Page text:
The Fund Will Increase the Pipeline of Funding for Black-owned Small Businesses
The Expanding Black Business Credit network (EBBC) officially announced today the final close of its Black Vision Fund. The fund will lend long-term funds to six successful Community Development Financial Institutions (CDFIs) with long histories of inclusive investing in order to expand their lending activity to small businesses in underserved communities. A primary goal is to reduce the racial wealth gap that plagues the Black community.
“The Black Vision Fund is the result of a network of Black-led/focused loan fund CEOs collaborating to create a fund that will demonstrate that there is a large market opportunity that has been neglected, which is the growing number of successful Black-owned small businesses in the country,” says Gary Cunningham, President and CEO of Prosperity Now. Black Vision Fund’s CDFI network servicing a variety of markets across the country includes MEDA, Community First Fund, City First Broadway Bank, Black Business Investment Fund, Hope Enterprise Corporation/Credit Union, and National Community Investment Fund.
EBBC members are experienced Community Development Financial Institutions with more than $1.5 billion in combined total assets who currently help support entrepreneurs and small businesses in Pennsylvania, Maryland, District of Columbia, Minnesota, Florida, Georgia, Tennessee, Alabama, Mississippi, Louisiana, Arkansas, Texas and California.
The fund will be managed by LISC New Markets Support Company (NMSC), an affiliate of Local Initiatives Support Corporation, and benefits from an anchor contribution from EBBC made possible by a significant grant from Wells Fargo. Additional funding partners include Amalgamated Bank, Ceniarth, David and Lucile Packard Foundation, Jewish Community Federation and Endowment Fund, Local Initiatives Support Corporation (LISC), and Opportunity Finance Network (OFN). All of these funders have contributed long-term, low-interest loan capital to the Black Vision Fund which will be on-lent to participating CDFIs. The CDFIs, in turn, will provide financing to eligible small businesses operating in or benefiting disadvantaged communities, including Black-owned small businesses.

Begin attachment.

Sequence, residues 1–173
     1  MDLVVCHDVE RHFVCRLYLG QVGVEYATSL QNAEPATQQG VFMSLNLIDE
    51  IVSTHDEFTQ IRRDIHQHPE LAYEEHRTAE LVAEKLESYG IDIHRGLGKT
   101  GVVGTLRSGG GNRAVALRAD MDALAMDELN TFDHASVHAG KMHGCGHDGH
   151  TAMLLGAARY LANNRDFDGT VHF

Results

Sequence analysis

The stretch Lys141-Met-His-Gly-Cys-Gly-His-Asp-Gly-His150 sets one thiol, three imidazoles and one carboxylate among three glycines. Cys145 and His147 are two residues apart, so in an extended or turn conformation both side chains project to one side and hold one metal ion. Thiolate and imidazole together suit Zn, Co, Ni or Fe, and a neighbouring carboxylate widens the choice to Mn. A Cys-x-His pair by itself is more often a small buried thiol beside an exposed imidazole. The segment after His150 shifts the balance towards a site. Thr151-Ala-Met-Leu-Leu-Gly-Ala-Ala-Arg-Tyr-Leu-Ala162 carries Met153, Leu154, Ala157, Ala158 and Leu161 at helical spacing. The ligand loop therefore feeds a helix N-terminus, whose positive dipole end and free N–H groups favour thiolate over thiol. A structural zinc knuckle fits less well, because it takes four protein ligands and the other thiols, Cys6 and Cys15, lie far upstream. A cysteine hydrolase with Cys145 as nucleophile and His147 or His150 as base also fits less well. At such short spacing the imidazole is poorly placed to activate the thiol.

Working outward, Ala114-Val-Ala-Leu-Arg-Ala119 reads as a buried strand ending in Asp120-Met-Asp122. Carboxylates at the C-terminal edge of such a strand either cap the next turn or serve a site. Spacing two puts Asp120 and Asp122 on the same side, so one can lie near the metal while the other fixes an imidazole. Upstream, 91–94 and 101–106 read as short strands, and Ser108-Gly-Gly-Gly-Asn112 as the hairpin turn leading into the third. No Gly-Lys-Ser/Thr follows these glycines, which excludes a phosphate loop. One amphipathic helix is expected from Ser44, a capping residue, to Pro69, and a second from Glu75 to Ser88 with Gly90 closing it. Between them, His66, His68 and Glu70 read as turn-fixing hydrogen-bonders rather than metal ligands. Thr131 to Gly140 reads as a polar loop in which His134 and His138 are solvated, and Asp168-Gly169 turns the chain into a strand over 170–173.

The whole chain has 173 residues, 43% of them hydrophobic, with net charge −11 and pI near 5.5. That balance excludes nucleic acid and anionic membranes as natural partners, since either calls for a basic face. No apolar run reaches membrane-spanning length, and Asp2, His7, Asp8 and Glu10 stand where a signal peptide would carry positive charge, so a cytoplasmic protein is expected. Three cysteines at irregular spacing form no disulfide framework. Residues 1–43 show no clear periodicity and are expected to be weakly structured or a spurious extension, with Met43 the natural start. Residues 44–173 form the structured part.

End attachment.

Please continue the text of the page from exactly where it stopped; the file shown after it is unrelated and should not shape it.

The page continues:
According to the U.S Federal Reserve, while Black-owned businesses were more likely to apply for bank financing, less than 47% of their applications were fully funded. The data found that Black-owned businesses were two times as likely to be turned down for loans as white business owners. Building on EBBC’s commitment to create thriving business ecosystems that strengthen Black-owned small businesses, Black-led nonprofits, and the Black-focused/led CDFIs that help them to succeed, the Black Vision Fund invests in CDFIs serving as a lending intermediary between funders and disadvantaged small businesses throughout the country.
“Black-led and Black-focused financial institutions locate and invest in Black communities at much higher rates than white-owned financial institutions,” says Bill Bynum, CEO of Hope Credit Union in Jackson, Mississippi. “The CDFIs supported by the Black Vision Fund will provide vital capital that will accelerate the growth of Black-owned small businesses.”
Greater investment in Black-led or Black-focused financial institutions and businesses would have an historic impact on the racial wealth gap and expanding access to credit for Black business owners. Financing Black businesses increases the net worth of families of owners, creates local jobs, provides needed local goods and services, and ultimately contributes to supporting economic growth in Black communities.
To learn more about EBBC and Black Vision Fund, please visit ebbcfund.org About EBBC
Expanding Black Business Credit (EBBC) was formed in 2016 as a CEO Peer Learning Network by leaders of Black-led/focused Community Development Financial Institutions (CDFIs) to share best practices in lending to Black businesses and prove that there is an attractive market of Black-owned businesses that can be financed by the financial services industry and thereby reduce persistent inequalities of wealth, income and opportunity in Black communities.